Thousands of disabled children are waiting too long for vital treatment because of cuts to services, a survey suggests.
The British Academy of Childhood Disability (BACD) says some are waiting more than two years for a diagnosis.
Dr Karen Horridge, who chairs the BACD, says children with autism and complex disabilities are being failed.
The Department of Health said it was working to help join up health, education, and social care services.
Dr Horridge, who conducted the survey, said the delays in assessment and eventual diagnosis “were unacceptable”. She told BBC News that these children were missing out on vital therapy and support because of these delays.
In some cases, they could miss out on years of education.
She said: “They’re left in pain for longer. They’re left with difficult behaviours for longer, and then things become very much more complex to unpick by the time we do get to see them.”
The survey contacted 200 paediatricians who lead child development teams across the UK.
Of the 134 who responded, more than a third said their teams had been cut by up to 20%, and nearly three-quarters said waiting times had increased.
One paediatrician, who did not want to be named, told the BBC they were under pressure from managers to “fiddle” waiting times.
The doctor described routinely returning referrals to GPs before registering them formally, which would delay the child’s care, to meet 18-week referral targets.
Of all the doctors who responded to the survey, 80% said they could not meet guidelines set by health watchdog the National Institute for Health and Clinical Excellence (NICE).
Child-development teams are in place to support those from birth to 19 who have a range of different neurological disabilities such as autism, cerebral palsy and epilepsy.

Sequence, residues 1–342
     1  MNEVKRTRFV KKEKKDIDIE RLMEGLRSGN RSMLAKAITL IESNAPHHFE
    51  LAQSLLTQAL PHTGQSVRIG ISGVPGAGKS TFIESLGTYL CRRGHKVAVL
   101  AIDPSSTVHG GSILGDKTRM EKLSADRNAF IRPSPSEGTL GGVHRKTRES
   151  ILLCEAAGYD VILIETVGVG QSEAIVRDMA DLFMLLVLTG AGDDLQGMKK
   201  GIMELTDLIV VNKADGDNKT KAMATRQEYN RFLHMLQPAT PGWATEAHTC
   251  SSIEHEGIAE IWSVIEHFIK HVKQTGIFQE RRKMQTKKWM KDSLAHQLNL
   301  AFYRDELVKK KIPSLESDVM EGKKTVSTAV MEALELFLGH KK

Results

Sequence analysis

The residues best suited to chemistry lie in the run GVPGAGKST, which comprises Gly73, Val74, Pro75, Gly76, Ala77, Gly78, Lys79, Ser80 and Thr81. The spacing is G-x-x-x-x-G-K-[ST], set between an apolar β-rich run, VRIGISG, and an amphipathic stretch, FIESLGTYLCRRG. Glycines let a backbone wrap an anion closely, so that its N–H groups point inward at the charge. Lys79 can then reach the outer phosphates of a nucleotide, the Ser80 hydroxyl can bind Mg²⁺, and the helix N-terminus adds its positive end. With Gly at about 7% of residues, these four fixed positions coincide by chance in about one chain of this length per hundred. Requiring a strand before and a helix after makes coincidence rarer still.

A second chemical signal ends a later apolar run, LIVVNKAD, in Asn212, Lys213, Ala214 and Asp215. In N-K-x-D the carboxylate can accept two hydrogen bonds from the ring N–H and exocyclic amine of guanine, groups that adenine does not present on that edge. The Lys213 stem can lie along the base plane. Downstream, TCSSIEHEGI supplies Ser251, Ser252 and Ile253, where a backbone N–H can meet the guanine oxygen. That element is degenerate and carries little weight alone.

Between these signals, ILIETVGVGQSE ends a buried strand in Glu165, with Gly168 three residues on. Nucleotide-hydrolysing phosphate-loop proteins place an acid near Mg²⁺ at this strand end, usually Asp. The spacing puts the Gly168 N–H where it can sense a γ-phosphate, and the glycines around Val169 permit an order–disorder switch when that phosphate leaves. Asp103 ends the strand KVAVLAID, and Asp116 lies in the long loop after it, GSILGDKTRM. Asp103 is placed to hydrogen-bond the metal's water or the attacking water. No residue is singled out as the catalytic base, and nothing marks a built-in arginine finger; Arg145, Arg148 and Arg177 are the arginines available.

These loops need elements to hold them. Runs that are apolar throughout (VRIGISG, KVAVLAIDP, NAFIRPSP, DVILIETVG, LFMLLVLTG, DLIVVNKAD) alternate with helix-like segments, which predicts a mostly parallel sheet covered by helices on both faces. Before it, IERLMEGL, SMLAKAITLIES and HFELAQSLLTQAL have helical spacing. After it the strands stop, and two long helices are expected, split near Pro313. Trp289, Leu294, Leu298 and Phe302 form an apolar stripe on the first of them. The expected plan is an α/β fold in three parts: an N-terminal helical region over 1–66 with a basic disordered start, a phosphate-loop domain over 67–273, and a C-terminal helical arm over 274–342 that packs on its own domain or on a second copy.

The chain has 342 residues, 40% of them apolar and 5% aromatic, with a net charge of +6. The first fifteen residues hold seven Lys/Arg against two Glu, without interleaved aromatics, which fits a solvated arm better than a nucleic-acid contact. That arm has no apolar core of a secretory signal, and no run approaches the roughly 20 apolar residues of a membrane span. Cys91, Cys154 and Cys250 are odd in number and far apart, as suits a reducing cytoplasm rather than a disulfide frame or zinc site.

Often the disabilities are complex and can affect the child’s speech, memory, language, sight and hearing.
It took more than a year for seven-year-old Ruby Fisher to get the support she needed.
After many months in pain, struggling to walk, she was finally diagnosed with hypermobility, which affects the joints and can cause dislocations, stiffness, fainting and extreme tiredness.
She would often fall over and could not eat or write without help.
Her mother, Debbie Fisher, said she had cried in relief when her daughter had finally been diagnosed.
“She was in constant pain, she used to complain about it everyday,” she said.
“I feel annoyed we were left so long. I feel like if a little bit more care was taken, maybe if somebody could have helped, we could have got here a lot quicker and avoided so much pain and upset over the years.”
Now Ruby has had her appointments with the physiotherapist and occupational therapist, she is able to do a lot more.
She can run, her writing has improved, and she feels like she is able to keep up with the other children.
Mrs Fisher added: “Since the appointment, we have been given aids and ideas to help my daughter in day-to-day activities.
“It’s given her a little bit of independence back.”
Responding to the survey’s findings, the Department of Health said there had been an increase in the numbers of paediatricians employed but it could not say whether these were doctors specifically for children with disabilities.
The department added: “Children with learning disabilities deserve the best possible care and a timely diagnosis.
“Decisions on spending are made locally, but we are working to help join up health, education, and social care services to make sure they get the care they need as quickly as possible.”